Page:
So, I have no problem saying that the live disc IS a great addition, and it is interesting and valid in its own terms as it shows the band in great form and with arrangements and solutions which are quite different from the LP… And I honestly don’t know how many have really got this.

    On the same level, I have no problem saying that disc 6 is weak in the tentative&demo versions of songs that were immensely to evolve in the next months, and that the DVD/BlueRay are great if you’re into ‘sound’, but I was talking about ‘music’ and that’s a whole different beast…

    • Paul Sinclair says:

      Hi Andrea – not sure I really buy into your ‘sound’ / ‘music’ division. The box is all about supplementary material to make listening to DSOTM a broader, richer experience. So we hear what it was like before release (early version disc 6), what it sounds like after release (live version disc 2), what it ‘looked’ like when performed live (DVDs and Blu-ray tour films) and what the surround versions sound like from ’73 and ’03. I see all this content as pieces of a jigsaw puzzle giving a complete picture, rather than being in competition with each other (disc 6 is weaker than disc 2 etc). Let’s face it early demos are unlikely to sound ‘better’ than the finished version, but being offered a chance to hear them brought together on disc 6 does not make that disc ‘weak’ for me. Just a fascinating look at work in progress. I think the box is excellent and well worth the money if people can afford it. I do agree however if you were going to include just one disc of conents onto an experience edition they have done the right thing by picking the live concert. Paul

  13. Andrea says:

    I’m glad that you think this set is “excellent” (no less! ;-))…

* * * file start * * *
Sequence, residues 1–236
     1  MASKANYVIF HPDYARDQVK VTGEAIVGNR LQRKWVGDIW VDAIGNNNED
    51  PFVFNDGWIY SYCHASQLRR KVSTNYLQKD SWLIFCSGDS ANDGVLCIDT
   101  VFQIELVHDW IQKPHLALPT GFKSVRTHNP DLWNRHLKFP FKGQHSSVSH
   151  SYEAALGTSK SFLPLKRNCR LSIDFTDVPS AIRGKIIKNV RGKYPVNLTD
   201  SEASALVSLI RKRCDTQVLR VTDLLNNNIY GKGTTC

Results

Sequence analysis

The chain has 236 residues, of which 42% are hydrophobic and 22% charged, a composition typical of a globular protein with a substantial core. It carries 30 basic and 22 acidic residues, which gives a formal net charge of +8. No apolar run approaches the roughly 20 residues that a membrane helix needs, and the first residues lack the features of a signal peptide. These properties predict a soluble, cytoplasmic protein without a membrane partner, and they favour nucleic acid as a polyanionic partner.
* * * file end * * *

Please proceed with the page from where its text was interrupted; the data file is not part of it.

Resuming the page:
Good for you!!
    I possibly have too many years of listening experience behind me – and too many DSOTM reissues on my shelf… – to get that excited.
    Anyway if you check out there you’ll see this box is getting very mixed opinions, so maybe our different points of view represent rather well both the worshipers and the agnostics… Cheers! :-)

  14. Mark says:

    Thank you for your speedy responce, Paul ! That is awesome. I look forward to all of your coverage on the box set.

    Cheers,
    Mark

  15. Richard van Oosterhout says:

    Another extensive review has appeared on Brain Damage. It focussens it’s main part on the early 1972 mix. I think this is an interesting read.

    http://www.brain-damage.co.uk/albums/pink-floyd-the-dark-side-of-the-moon-2011-immersion-edition.html

  16. Pingback:Interview: Pink Floyd engineer Andy Jackson on Immersion box sets « superdeluxeedition

  17. bryan chow says:

    I don’t know if Super Deluxe Edition can help me to find out how to solve the problem of the bluray disc of DSOTM Immersion Boxset. It is a problem of loading the bluray disc, I try to play it recently with several machines, it couldn’t play anymore, and my friend has the same problem, I did found out there are a lot of cases from a discussing forum, unfortunately no one mention about solve the problem except for one in Oct 2015, he did get a replacement from Warner Music. I understand the distributor was change to BMG instead of Warner Music, but who am I asking for the replacement disc? BMG or Warner Music? It happen to Simple Minds-Sparkle In The Rain and Mike Oldfield-Incantations, they also recall it. I’m hoping you can help me to find out how, looking forward to hear from you soon.